Can you still claim the employee retention tax credit?

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Of all the businesses financially impacted by the COVID-19 pandemic over the past two years, construction service contractors (BSCs) certainly fall into the category. While no government program is likely to fully compensate for lost profits from facility closures and overall loss of business, there is a program in place that can help provide some relief.

As Go Banking Rates reported, small businesses can still claim the Employee Retention Tax Credit – or simply the Employee Retention Credit (ERC) – despite the program’s original deadline being extended to October 2, 2021. The program, which was established under the Coronavirus Aid, Relief, and Economic Security Act (CARES Act), incentivizes small businesses to keep their employees on the payroll.

How it works

In the early stages of the ERC established earlier in the pandemic, the tax credit business could receive 50% of $10,000 in earned wages for each employee deemed eligible on a pandemic-affected payroll. In 2021, however, that figure jumped to 70%. Payments were made on a quarterly basis for each eligible employee. As an example of Go Banking Rates, this means that $10,000 in salary for an employee in 2021 could earn $7,000 in credit per quarter, potentially totaling $28,000 per year for each employee. In cases where the total tax credit exceeds the employer’s share of payroll taxes due for a quarter, the employee would be refunded the excess according to the Treasury.

How to get the ERC

In order to be eligible for the ERC, an employee must complete a quarterly assessment statement form (Form 941) to monetize the credit for each pay period. So, for example, a company that pays $100,000 cumulatively for payroll will likely receive a credit return of $70,000. While the aforementioned deadline to receive the ERC was last October, businesses can apply retroactively by completing a Refund Claim Form, also known as the Employer’s Adjusted Quarterly Federal Income Tax Return (941-X ). From there, the deadline would be after three years of the initial tax return, as eligibility is based on 2019 records. Specific parameters to be eligible include:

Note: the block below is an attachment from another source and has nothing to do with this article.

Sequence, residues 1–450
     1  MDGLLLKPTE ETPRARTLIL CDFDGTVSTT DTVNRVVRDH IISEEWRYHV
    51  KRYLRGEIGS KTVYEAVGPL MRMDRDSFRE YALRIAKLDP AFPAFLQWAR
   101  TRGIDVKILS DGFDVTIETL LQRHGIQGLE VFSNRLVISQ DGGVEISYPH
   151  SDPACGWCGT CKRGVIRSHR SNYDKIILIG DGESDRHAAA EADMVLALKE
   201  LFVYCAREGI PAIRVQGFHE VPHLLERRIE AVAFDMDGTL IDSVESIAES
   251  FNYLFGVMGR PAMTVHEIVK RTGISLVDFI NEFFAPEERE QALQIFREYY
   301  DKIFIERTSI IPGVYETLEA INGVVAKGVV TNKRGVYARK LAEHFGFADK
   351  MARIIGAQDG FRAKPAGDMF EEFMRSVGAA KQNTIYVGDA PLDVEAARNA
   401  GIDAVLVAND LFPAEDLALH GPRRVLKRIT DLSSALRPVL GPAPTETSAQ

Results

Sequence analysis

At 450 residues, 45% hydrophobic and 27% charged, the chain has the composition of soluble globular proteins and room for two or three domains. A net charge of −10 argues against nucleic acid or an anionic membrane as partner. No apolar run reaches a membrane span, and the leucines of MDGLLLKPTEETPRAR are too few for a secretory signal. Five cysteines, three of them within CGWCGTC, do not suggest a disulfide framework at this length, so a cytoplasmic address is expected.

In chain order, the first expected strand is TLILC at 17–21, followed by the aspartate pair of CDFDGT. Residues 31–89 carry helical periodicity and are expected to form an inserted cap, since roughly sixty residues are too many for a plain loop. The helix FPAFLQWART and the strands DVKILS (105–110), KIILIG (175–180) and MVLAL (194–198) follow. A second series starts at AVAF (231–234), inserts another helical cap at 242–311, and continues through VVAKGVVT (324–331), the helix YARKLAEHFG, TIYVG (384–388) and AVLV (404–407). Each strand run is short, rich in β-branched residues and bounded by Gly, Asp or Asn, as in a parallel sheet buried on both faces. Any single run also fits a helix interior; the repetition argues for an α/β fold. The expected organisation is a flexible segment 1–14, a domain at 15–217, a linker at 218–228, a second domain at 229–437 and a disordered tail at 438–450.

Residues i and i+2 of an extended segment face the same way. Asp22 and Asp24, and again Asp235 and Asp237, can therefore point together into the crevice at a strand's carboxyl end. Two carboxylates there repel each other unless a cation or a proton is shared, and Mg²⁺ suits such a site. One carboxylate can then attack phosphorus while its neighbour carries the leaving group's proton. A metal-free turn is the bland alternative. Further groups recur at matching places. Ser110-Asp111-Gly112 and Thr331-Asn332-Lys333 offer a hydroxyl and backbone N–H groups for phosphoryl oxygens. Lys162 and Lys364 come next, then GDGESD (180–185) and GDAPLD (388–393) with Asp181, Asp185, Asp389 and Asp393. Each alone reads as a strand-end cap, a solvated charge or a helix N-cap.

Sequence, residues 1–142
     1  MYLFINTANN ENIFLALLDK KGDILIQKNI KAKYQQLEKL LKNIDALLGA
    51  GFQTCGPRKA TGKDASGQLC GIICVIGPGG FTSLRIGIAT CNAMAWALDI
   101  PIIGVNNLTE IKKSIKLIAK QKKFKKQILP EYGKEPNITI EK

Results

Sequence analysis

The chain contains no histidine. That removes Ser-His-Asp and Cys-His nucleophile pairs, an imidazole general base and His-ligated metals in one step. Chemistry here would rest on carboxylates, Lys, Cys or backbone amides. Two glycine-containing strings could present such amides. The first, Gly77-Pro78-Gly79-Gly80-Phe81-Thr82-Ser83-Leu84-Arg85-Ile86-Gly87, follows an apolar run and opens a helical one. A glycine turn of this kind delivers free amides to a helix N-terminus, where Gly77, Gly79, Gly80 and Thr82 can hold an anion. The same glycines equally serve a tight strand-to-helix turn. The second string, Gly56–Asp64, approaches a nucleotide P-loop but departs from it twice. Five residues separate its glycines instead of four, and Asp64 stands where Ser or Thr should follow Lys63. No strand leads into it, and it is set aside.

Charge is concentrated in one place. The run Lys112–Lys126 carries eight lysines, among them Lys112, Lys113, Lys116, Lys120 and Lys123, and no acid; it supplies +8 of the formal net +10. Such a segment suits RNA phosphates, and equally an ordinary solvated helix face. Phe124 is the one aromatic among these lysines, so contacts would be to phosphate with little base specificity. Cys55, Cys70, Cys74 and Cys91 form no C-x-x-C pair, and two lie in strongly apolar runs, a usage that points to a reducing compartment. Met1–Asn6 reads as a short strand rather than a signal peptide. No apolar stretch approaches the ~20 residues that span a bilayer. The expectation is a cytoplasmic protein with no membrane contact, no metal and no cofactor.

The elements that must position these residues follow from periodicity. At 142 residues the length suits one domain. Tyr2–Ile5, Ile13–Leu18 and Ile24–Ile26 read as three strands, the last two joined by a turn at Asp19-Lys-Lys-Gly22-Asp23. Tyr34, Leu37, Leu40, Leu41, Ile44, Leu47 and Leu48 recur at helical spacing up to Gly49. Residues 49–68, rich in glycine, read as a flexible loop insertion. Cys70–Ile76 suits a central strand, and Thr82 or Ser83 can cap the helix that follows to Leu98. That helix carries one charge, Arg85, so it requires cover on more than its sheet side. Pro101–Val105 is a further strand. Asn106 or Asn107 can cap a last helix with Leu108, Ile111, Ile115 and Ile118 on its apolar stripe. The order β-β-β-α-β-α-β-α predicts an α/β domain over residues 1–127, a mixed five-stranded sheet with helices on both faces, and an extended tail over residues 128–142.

• A company must have had 500 employees or less in 2019
  • Gross revenue in 2020 or 2021 must be at least 20% lower per quarter than the same quarter originally listed from 2019

Additionally, businesses with 100 or fewer full-time employees may qualify for a 100% wage credit. Companies that have not received a closure order can still benefit from this advantage.

In related news, check out this recent CleanLink article on employee retention tips.



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